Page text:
Sunday, 5 February 2012

Driving in Sao Paulo

Traffic is definitely up there for most-talked-about-topics here in Sao Paulo. Ways to avoid traffic, blitzs (police drinking stops), rodizios, bus lanes, accidents. when it rains how it gets 100 times worse...

When you are stuck in traffic sitting there patiently for it to clear.... the most irritating thing is when a car zooms by in the emergency lane and cuts in at the top as the traffic light goes green. Firstly, you're just pissed off that you hadn't plucked up the courage to do it, and secondly, you're really pissed off that the driver has the impunity to do it and nothing is going to happen to him/her. English people would never consider jumping the queue, it would be just considered rude. In the opening chapter of Watching the English  the author has to have a drink to be able to jump a queue, which is a big no-no there! 

There is generally seen to be a very poor standard of driving here, and coupled with the terrible standards of the road, I'm not surprised over 37,000 people died last year in car fatalities (1). People die every day, motoboys drive like demons down the marginal with not a care for ther life, people kill people and walk away just paying off the family. I actually don't even drive here yet because I'm scared sh*tless. It's on the wrong side of the road and I was never a very confident driver in the first place but I'm about to start lessons with a Brazilian instructor...  wish me (and him) luck!


* Just got my Angloinfo newsletter today titled Accidents in Sao Paulo. I've copied the information below:

Dealing with Road Accidents

Do you know what to do if you’re involved in a road accident? Are you confident you know what to do if you witness a crash? AngloINFO has the information you need, so you can rest assured that you know how to handle accidents on the road, whether it’s a minor prang or something more serious.

Need to know

In the case of a serious road incident, the most important thing to do first is alert the emergency services. The Emergency Telephone Numbers Information Page has the numbers to call.

Whether you’re a driver or not, it’s important to be aware of the rules regarding what to do following a road accident as you might be involved as a passenger or witness. The Road Traffic Accidents in Brazil Information Page has important information regarding accident reports, the people and vehicles involved in a crash, as well as which authorities to alert afterwards. The page on Insuring a Car in Brazil has helpful information about insurance coverage and filing a claim. Make sure you understand the procedure so that you know what to do, should the need ever arise.

And finally, to fix dents, dings and bigger damage following an incident on the road, browse through the Car Service & Repairs category of The AngloFILE where you'll find listings for English-speaking professionals in your local area.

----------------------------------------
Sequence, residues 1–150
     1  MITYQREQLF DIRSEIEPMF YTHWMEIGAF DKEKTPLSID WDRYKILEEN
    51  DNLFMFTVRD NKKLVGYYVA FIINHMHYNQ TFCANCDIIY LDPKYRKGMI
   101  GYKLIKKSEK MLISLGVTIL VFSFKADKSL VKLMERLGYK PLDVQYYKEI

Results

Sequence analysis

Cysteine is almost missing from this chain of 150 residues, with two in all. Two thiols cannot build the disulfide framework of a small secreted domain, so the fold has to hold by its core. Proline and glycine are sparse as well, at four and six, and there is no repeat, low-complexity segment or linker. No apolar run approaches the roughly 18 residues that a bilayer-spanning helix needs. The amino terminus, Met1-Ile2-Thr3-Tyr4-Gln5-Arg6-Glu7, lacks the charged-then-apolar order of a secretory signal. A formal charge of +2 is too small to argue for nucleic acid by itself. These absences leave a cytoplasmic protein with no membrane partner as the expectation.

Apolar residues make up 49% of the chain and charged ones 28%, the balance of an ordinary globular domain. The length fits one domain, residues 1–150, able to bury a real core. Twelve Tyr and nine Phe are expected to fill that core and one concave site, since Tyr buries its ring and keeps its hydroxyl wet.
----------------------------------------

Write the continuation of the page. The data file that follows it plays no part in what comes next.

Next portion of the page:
1. While I generally agree with all your concerns about driving in Sao Paulo, try looking at the positive side: once you get the hang of it, you will find it really easy to drive in many other places. To be honest, you'll become better technically, just because you have to. Here in the UK I see drivers make such bad decisions and get away with it because traffic is relatively calm and the other drivers are very forgiving.

  2. My husband will be excited to see the day when I'm a good driver!! I'm copying a fb post from a friend here in SP. This weekend was obviously a bad one for traffic!

    So...I just spent the most amazing and completely relaxing weekend on the coast of Sao Paulo, only to completely lose my temper on the way back...Stuck in a 5 hour traffic jam (a drive that should have taken 2hrs), I was enraged by all the cars driving on the shoulder, only to cut in a few cars ahead of us, causing the traffic to slow down even more. Of course, my rage found its release in more than a few choice words and a lot of body language targeted at the offenders, as my husband tried to block off at least a portion of the shoulder with our car, but unfortunately it did not stop anyone :( and nobody else seemed to care!!!! I am at a loss here, it seems that people here, as a general group seem to associate themselves less with those offended than those committing offense.

    1. Ah, the drive up from the "litoral"... People driving on the shoulder are really annoying but just make sure they haven't relaxed the rule about that. When traffic gets really bad, the highway police will sometimes put up temporary signs telling you that you are allowed to drive on the shoulder and you still have to cut back into the slow lane at points where there is no shoulder. Maybe your friend should've been doing the same thing.

  3. My husband has definitely become more Brazilian in his driving and happily drives up the shoulder to cut in at the top...

    I witnessed 2 minor accidents today - Brazilians definitely show their worst / weakest sides on the road! They are the friendliest people in the world but when it comes to driving it's a totally different matter. We might be ushered to the front of a queue, or seated straight away in a restaurant but try crossing a road with a buggy is literally taking your life into your hands!